The Ministry of Agriculture argues that the draft has been written by winemakers themselves and that the ministry only slightly changed some of their proposals. The only demand which has been rejected is the one about the establishment of a new body that would control the wine production along with the Institute.
For more than a year, the producers have been advocating a model which currently exists in the production of honey, prosciutto and olive oil. In addition to state control, these sectors are also controlled by independent certifying bodies, thereby shifting the absolute power from the state to the producers. The proposed body has been given the working name of Kontroling. The difference between the Institute and Kontroling is that the new body would be under the regional organizations and not the ministry, but it would still be financed from the budget.
The ministry did not accept this, explaining that the European rules stipulate that there must be an impartial and objective control in the production of wine. “It is quite clear why wine producers cannot control their own products,” says the ministry, adding that consumer protection in priority. Additionally, the winemakers have not announced details about their proposal, who would monitor the production, where and with what infrastructure.
The ministry did make one concession, at least on paper. It has announced the establishment of regional offices to match the four winegrowing and marketing zones – Slavonia and Croatian Danube Region; Croatian Istria and Kvarner; Dalmatia; and Central Hilly Croatia. The regional offices would thus be closer to regional wine associations and the communication between them would improve.
Frano Miloš, the owner of the Miloš winery from Pelješac, argues that the draft law has been designed according to the instructions made by an interest group. Although he did not want to reveal the names of people who are part of the group, he thinks that the Ministry of Agriculture and Minister Tolušić do not dare oppose them. “The whole of Croatia is under the protected designation of origin (ZOI) for the sole reason that the Institute would have a justification to exist,” claims Miloš. The wines from ZOI areas have to be assessed for their smell, taste and colour, which is performed by the Institute. “How can someone from the Institute assess that my wine is not crisp or clear enough? Due to their subjective impressions, the wines are withdrawn from the market, regardless of the fact that I have customers who prefer such wines,” says Miloš.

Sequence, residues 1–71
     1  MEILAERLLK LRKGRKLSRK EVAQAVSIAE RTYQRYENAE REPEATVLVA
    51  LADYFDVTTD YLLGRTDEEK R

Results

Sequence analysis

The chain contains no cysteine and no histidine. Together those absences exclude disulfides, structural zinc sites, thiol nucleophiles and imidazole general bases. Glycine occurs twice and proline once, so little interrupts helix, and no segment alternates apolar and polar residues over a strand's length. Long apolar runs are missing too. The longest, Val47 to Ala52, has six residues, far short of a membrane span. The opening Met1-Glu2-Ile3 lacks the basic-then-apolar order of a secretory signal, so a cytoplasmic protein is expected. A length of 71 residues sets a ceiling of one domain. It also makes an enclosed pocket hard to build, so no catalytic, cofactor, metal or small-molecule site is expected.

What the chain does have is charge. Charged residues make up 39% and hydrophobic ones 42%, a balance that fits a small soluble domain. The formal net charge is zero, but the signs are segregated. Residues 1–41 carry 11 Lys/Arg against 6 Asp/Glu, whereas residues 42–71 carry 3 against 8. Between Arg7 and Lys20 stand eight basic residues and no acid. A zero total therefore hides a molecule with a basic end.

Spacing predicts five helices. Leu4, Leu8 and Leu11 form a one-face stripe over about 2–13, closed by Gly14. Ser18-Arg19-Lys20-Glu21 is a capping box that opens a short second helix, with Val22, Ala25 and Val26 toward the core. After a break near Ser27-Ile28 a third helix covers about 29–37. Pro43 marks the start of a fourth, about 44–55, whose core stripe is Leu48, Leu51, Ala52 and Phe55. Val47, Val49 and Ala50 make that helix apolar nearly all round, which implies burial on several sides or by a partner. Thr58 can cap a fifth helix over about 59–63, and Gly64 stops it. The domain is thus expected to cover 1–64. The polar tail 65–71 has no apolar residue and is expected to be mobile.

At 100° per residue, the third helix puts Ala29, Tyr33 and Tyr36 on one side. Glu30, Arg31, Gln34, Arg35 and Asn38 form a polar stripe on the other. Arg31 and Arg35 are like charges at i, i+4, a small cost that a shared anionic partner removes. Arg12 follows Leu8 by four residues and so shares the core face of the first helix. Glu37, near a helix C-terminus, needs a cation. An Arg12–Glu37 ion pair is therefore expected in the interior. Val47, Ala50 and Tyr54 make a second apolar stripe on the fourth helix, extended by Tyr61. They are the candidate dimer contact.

Interestingly, the Institute’s budget currently stands at 5.5 million kuna, but after the law comes into force, it will grow to more than 10 million kuna for the purpose of establishing new regional offices, hiring inspectors and additional employees.
Winemaker Vlado Krauthaker believes that a vineyard register should be introduced. The registry would identify the number of vines per hectare, and that would determine how much wine can be produced. The goal would be to determine the exact production and abolish uncontrolled wine trade. The state would know exactly how much wine was produced and how much it was imported.
Huge quantities of wine are imported into Croatia which nobody monitors. According to unofficial data, as much as 40 percent of the wine on the supermarket shelves is not the same wine which has passed the checks and controls by the Institute. Such irresponsible practices of individual winemakers endanger the credibility of the whole industry. But here, the problem is the winemakers themselves and not the state.
Translated from Jutarnji List (reported by Filip Pavić).